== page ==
The carrier 10 has two U-shaped frame members 26, 28 and two straight support arms 30, 32. The frame members 26, 28 and support arms 30, 32 are connected at and radiate from two hub assemblies 34, 36. The hub assemblies 34, 36 define an axis about which the frame members 26, 28 and support arms 30, 32 may rotate independently.
The larger outer frame member 26 defines two legs of equal length, a first leg 38 and a second leg 40, joined at their outer end by a first crossbar 42. The smaller inner frame member 28 also defines two legs of equal length, a first leg 44 and a second leg 46, joined at their outer ends by a second crossbar 48. The legs 44, 46 and the second crossbar 48 of the inner frame member are shorter in length than the legs 38, 40 and first crossbar 42, respectively, of the outer frame member 26, such that the inner frame member 28 may be aligned to fit within the space defined by the outer frame member 26.
Referring now to FIG. 3, each of the legs of the frame members and each of the support arms is connected at its inner or hub end to a disc-like hub. The first leg 38 of outer frame members connects to and radiates rotatably from a first outer hub 50, the first support arm 30 connects to and radiates rotatably from first middle hub 52, and the first leg 44 of the inner frame member connects to and radiates rotatably from first inner hub 54. The first outer, middle and inner hubs 50, 52, and 54 are aligned in facing relation with the middle hub between the inner and outer hub forming, roughly, a cylinder. The first outer, middle and inner hub 50, 52 and 54 are part of the first hub assembly 34.
The second leg 40 of the outer frame member 26 connects to and radiates rotatably from a second outer hub 56, the second support arm 32 connects to and radiates rotatably from a second middle hub 58, and the second leg 46 of inner frame member 28 connects to and radiates rotatably from a second inner hub 60. The second outer, middle and inner hubs 56, 58 and 60 are also aligned in facing relation with the middle hub between the outer and inner hubs forming, roughly, a second cylinder. The second outer, middle and inner hubs 56, 58 and 60 are part of the second hub assembly 36.
In its folded or storage state, shown in FIG. 3, the hub assemblies 34, 36 appear as two cylinders separated by a space and lying along a common axis. Each hub assembly defines three smaller cylinders or hubs, an outer hub, a middle hub and an inner hub aligned end-to-end. The hub assemblies are arranged as mirror images such that the first and second inner hubs are closest together and the first and second outer hubs are farthest apart.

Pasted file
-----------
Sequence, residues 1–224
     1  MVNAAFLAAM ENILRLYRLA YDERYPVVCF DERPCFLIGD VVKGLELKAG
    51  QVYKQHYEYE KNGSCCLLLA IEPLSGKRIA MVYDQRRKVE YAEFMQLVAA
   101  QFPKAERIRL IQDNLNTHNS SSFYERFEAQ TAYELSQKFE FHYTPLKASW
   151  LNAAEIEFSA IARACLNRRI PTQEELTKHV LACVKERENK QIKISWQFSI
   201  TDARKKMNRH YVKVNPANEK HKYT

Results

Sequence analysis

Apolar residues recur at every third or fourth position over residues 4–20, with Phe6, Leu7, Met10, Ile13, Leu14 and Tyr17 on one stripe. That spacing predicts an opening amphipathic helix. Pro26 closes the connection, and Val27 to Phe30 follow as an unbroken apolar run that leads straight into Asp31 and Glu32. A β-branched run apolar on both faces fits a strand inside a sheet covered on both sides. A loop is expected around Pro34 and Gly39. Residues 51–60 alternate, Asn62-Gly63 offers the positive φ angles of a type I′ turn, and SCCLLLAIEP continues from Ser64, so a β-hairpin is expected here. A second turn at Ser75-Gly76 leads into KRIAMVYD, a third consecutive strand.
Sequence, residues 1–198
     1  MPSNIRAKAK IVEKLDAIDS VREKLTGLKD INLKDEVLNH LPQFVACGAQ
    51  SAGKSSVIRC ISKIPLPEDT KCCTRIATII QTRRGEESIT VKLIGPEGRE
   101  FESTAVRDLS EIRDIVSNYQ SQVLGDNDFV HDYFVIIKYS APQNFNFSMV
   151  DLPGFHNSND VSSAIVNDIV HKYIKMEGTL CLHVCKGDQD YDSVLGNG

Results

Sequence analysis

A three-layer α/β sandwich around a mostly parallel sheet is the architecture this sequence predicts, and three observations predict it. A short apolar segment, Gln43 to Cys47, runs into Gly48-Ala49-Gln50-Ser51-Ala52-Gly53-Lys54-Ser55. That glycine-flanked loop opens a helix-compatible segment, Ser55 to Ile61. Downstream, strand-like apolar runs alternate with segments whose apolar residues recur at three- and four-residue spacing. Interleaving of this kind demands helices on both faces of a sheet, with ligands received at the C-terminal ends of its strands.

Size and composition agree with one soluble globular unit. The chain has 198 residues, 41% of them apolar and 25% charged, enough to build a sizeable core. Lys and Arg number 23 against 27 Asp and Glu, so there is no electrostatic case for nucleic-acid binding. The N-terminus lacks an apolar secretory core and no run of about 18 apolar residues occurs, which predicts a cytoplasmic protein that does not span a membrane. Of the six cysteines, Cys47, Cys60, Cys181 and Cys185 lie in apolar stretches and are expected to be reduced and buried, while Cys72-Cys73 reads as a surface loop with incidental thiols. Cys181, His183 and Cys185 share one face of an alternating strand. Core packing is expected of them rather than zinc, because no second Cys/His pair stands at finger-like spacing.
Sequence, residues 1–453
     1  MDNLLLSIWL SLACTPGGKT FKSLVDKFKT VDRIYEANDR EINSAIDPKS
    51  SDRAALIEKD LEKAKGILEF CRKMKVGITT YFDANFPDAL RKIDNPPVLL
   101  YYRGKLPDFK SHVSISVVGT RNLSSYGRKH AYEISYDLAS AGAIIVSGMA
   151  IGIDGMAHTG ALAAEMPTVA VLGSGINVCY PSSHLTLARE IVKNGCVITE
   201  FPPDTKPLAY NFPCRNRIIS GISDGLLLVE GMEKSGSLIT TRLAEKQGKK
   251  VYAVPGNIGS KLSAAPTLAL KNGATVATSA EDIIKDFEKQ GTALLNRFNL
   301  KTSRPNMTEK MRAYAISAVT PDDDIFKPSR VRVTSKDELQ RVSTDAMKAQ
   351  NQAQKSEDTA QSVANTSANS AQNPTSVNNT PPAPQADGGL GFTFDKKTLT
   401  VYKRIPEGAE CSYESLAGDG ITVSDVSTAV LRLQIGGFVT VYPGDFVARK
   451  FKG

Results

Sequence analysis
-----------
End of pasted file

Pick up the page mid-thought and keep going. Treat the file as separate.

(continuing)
The legs 38, 40 and first crossbar 42 of the outer frame member define substantially a first plane. The legs 38, 40 of the outer frame member depend in this plane radially from the outer hubs 50, 56. The legs 38, 40, 44, 46 are substantially perpendicular to the axis defined by the hub assemblies. The legs 44, 46 and crossbar 48 of the inner frame member 28 define substantially a second plane. The legs 44, 46 of the inner frame member 28 depend in this plane radially from the inner hubs 54, 60. When the outer frame member 26 and the inner frame member 28 radiate in the same direction from the hubs and substantially within the same plane, then the inner frame member 28 lies substantially within the space defined by the outer frame member 26.
The support arms 30, 32 depend radially from the middle hubs 52, 58, respectively, and define planes substantially perpendicular to the axis defined by the hub assemblies. The support arms 30, 32 are of a length such that when they radiate in the same direction and substantially within the plane defined by the outer frame member, they lie within the space defined by the outer frame member 26. Essentially, the support arms 30, 32 are shorter in length than the legs 38, 40 of the outer frame member. Thus it may be understood that in the collapsed or storage state, the inner frame member 28 and the support arms 30, 32 all lie substantially within the space defined by the outer frame member 26. The assembly is compact for easy storage and shipment.
The first hub assembly is shown in cross-section in FIG. 6. The second hub assembly is the mirror image of the first hub assembly and will not be described further. A rod or first bolt 62 passes centrally through first outer, middle and inner hubs 50, 52 and 54. Each of the first hubs may rotate about this central bolt.
The hubs of a hub assembly may be rotated independently about the bolt and disengagedly locked in various rotational relationship such that the frame members and support arms are positioned in various angular relationships to one another. The hubs have teeth or mating castellations 66 on their facing surfaces which, when engaged, lock the hubs in position at the desired rotational relationship. The teeth are sized to allow small incremental adjustments of the rotational relationship between the various hubs. Preferably there are at least 20 castellations and most preferably there are 30 castellations evenly spaced circumferentially about the facing surfaces of the hubs to provide for small incremental adjustments of about 12°.